Secrets & Mysteries | What We Shouldn't Have Seen III

The Jinx discovered the true identity of the 'Great Cave' discussed in What We Shouldn't Have Seen II. Rather than provide answers, however, it sparked new questions. Thanks for your contribution, Jinx.

Seemingly eons after the discovery of the Great Cave, a friend of mine from the Eyes on Final Fantasy Forums gave me reason to go about exploring the area as well as the rest of the debug room. Therefore, credit goes out to Rainecloud, because if he hadn't sparked my interest again, this discovery wouldn't have been made. Those wondering what exactly this "Great Cave" is should read the Citadel's article "What We Shouldn't Have Seen 2" before bothering to try understanding this article.

After a good deal of just staring at the Great Cave, unable to really do anything else with it, it dawned on me to search through the game's memory for the actual map. This can be accomplished with a map viewing program named "Ghast" or a text editing and map previewing program called "Cosmo," both of which are top notch programs (I was using Cosmo for this particular project; that'll be relevant later). I went about searching through the compressed files by typing in the name of the option that appears in the debug menu, which is "TRNAD53."

"Cosmo" at work

Simple enough. Opening the file opens the full map, all text available on that map in the game, and the music that is playing in that scene. It turns out that the full map of the Great Cave is more than 3 times larger than what the screen allows you to see within the game. That, and it puts a few spins on the initial Great Cave theories; it was initially believed that the area of the North Cave that is accessible in the game, which housed both Sephiroth and the awakening WEAPONs, was a separate cave from the Great Cave. You'll be very surprised.

The Great Cave Unveiled

It turns out that the very large map is a third rendition of Sephiroth's Cave, which was evidently coded in location as the Great Cave. WEAPON's open eye and the gargantuan Mako crystal that Sephiroth's body is encased make it extremely apparent as to where exactly this cave is meant to be. It is NOT a separate cave, rather a separate image of the same cave. Given the part of the map that is visible to the gamer, however, it's understandable as to why one would think it's a separate cave. To give a reference of just how much is left to the viewers imagination in-game, the red box in this image is exactly what is visible on the screen, nothing more.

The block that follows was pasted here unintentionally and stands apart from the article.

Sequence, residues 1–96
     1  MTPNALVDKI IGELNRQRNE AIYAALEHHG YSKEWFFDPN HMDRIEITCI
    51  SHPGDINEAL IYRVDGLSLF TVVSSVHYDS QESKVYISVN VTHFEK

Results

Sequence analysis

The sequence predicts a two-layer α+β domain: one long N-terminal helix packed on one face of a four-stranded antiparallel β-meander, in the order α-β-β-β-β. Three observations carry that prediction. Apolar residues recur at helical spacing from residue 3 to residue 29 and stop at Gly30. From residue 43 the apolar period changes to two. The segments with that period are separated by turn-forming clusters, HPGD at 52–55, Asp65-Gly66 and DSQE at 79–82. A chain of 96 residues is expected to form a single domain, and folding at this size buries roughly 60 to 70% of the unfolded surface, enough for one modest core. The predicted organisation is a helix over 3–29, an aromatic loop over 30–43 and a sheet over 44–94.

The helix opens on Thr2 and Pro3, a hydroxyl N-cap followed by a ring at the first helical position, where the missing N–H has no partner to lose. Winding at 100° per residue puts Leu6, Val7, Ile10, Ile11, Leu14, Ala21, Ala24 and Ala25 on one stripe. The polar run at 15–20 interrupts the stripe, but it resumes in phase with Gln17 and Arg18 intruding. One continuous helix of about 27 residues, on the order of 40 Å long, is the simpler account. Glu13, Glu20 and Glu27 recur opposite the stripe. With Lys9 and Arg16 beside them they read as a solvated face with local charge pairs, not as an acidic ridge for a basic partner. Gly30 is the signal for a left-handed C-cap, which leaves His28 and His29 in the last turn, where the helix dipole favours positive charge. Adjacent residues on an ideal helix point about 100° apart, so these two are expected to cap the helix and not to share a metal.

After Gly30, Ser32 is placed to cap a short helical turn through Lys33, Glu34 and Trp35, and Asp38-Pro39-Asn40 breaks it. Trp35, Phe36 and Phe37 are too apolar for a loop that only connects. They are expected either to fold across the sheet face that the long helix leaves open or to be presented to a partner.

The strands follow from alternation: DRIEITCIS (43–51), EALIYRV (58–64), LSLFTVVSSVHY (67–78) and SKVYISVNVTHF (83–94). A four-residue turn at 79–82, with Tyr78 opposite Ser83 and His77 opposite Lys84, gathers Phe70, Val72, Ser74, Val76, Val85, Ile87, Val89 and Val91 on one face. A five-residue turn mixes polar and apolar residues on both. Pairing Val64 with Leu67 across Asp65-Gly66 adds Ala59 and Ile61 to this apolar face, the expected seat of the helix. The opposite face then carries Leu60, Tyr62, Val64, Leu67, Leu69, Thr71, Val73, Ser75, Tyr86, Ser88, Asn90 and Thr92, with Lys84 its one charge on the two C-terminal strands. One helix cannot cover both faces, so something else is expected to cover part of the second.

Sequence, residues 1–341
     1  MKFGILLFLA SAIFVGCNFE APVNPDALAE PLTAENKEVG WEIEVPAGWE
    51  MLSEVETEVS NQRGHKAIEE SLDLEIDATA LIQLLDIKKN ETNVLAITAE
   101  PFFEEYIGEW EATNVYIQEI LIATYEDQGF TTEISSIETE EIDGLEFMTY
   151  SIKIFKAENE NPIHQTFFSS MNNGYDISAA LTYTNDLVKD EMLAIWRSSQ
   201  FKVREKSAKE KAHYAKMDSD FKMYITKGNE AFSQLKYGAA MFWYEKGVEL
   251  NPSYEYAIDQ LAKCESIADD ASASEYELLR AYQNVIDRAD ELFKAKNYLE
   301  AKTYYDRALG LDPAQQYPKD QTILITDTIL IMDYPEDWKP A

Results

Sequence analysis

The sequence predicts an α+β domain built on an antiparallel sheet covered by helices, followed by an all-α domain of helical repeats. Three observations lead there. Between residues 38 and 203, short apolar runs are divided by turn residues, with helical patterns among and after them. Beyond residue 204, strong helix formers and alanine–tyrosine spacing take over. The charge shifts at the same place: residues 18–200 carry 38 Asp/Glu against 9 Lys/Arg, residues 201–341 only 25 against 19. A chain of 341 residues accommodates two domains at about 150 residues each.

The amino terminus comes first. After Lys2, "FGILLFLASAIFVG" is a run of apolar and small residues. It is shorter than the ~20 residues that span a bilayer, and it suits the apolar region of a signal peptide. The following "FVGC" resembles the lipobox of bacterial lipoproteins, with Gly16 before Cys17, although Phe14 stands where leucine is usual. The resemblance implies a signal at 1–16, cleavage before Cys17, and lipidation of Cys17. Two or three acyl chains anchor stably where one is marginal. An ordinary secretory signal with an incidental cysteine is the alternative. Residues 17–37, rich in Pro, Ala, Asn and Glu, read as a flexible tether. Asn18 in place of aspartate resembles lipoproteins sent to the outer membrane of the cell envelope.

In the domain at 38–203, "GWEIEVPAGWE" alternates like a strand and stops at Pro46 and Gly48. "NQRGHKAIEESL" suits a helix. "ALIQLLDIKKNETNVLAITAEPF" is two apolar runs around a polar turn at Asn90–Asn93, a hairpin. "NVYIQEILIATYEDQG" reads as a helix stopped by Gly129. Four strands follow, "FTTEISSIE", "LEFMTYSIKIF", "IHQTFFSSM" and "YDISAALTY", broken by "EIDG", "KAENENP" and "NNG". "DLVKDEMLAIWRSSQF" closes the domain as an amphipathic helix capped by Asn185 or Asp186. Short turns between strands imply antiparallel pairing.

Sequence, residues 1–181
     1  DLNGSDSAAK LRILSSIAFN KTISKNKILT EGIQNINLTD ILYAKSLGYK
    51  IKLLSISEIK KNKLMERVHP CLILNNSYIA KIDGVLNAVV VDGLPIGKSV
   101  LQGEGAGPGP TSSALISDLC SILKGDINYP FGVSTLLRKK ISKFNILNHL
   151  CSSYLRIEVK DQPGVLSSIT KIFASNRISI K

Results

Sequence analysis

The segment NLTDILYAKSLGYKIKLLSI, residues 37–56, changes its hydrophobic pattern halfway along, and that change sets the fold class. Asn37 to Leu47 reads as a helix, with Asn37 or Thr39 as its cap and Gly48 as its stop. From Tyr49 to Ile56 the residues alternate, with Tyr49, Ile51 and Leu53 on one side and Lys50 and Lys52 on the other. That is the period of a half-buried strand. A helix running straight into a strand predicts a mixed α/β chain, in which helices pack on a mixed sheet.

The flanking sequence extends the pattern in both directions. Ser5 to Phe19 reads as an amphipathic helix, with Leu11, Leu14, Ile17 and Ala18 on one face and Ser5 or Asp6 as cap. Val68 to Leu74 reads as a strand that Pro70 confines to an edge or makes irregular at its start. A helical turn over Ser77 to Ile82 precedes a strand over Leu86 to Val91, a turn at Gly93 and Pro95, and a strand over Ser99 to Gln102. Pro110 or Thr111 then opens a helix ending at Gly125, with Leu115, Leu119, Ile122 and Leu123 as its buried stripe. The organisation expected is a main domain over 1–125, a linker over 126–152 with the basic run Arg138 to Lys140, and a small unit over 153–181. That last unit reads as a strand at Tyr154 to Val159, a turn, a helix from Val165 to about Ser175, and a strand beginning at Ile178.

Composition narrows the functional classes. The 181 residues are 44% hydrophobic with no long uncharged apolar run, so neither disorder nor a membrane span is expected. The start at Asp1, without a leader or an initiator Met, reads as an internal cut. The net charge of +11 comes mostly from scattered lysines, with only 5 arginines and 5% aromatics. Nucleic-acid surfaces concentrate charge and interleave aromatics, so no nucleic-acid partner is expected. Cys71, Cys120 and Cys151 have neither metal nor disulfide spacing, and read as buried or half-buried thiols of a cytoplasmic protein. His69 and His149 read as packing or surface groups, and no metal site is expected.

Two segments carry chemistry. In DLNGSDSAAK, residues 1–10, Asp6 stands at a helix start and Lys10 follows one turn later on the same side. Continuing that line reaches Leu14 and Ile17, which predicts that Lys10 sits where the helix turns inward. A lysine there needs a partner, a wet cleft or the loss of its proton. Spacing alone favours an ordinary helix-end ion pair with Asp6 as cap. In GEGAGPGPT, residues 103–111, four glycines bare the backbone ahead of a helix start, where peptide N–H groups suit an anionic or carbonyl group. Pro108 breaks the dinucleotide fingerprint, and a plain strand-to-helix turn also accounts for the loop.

Comparison of visibility

If anything, this leaves things just as mysterious. Why would Aeris' theme be playing in Sephiroth's cave? Other things to be considered:

  • There is no text other than coding available in this area; nobody speaks, and no characters are mentioned. This is proven with the aid of the Cosmo text editor.
  • The map is used at absolutely no point in the game, ever.
  • If Aeris is in your party at the Great Cave point in the game (using a Gameshark or other game enhancing device/program), the game will hang and crash.

This discovery might put a damper on the Aeris resurrection theories, but at the same time it opens a new door, and leaves things making just as much sense (ie. NONE!).

- The Jinx

UPDATE (April 2005): The Jinx has sent in an addendum regarding his findings about the Great Cave background, finding that it may serve another purpose:

"After picking up the game again for the first time in a while, I've realized that while this exact texture doesn't seem to be visibly used at any point in the game, it is used in an FMV during the the Great/Northern Cave scene, which can be found here:

"It's important to note that, ingame, Cloud and Tifa's realtime models appear in the foreground as the camera pans down. I think it's more than likely that the texture is used as a sort of anchor for the character models; it would explain why there aren't any paths programmed into the the scene and why there's no speech associated with the scene, since it's only used for about 8 seconds. As to the reason for Aeris' theme playing in the debug room version, I'm still entirely clueless."

(continued in What We Shouldn't Have Seen IV)


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